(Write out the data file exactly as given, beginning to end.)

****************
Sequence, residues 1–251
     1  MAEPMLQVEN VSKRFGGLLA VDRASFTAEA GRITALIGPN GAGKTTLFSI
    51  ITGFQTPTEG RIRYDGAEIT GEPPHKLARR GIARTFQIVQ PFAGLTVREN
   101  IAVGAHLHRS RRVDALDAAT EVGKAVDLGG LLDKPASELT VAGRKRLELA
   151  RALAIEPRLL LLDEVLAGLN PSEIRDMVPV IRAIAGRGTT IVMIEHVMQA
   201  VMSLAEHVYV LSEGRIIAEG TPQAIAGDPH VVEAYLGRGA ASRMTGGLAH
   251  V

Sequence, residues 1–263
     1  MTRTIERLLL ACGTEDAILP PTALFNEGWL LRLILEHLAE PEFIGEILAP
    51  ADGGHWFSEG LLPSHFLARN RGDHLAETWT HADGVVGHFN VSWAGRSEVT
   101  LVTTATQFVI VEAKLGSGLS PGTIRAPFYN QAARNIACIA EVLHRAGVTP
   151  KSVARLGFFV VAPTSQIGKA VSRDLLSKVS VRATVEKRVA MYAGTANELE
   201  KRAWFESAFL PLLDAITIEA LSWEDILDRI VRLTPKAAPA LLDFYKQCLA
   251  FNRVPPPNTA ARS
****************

Sequence, residues 1–251
     1  MAEPMLQVEN VSKRFGGLLA VDRASFTAEA GRITALIGPN GAGKTTLFSI
    51  ITGFQTPTEG RIRYDGAEIT GEPPHKLARR GIARTFQIVQ PFAGLTVREN
   101  IAVGAHLHRS RRVDALDAAT EVGKAVDLGG LLDKPASELT VAGRKRLELA
   151  RALAIEPRLL LLDEVLAGLN PSEIRDMVPV IRAIAGRGTT IVMIEHVMQA
   201  VMSLAEHVYV LSEGRIIAEG TPQAIAGDPH VVEAYLGRGA ASRMTGGLAH
   251  V

Sequence, residues 1–263
     1  MTRTIERLLL ACGTEDAILP PTALFNEGWL LRLILEHLAE PEFIGEILAP
    51  ADGGHWFSEG LLPSHFLARN RGDHLAETWT HADGVVGHFN VSWAGRSEVT
   101  LVTTATQFVI VEAKLGSGLS PGTIRAPFYN QAARNIACIA EVLHRAGVTP
   151  KSVARLGFFV VAPTSQIGKA VSRDLLSKVS VRATVEKRVA MYAGTANELE
   201  KRAWFESAFL PLLDAITIEA LSWEDILDRI VRLTPKAAPA LLDFYKQCLA
   251  FNRVPPPNTA ARS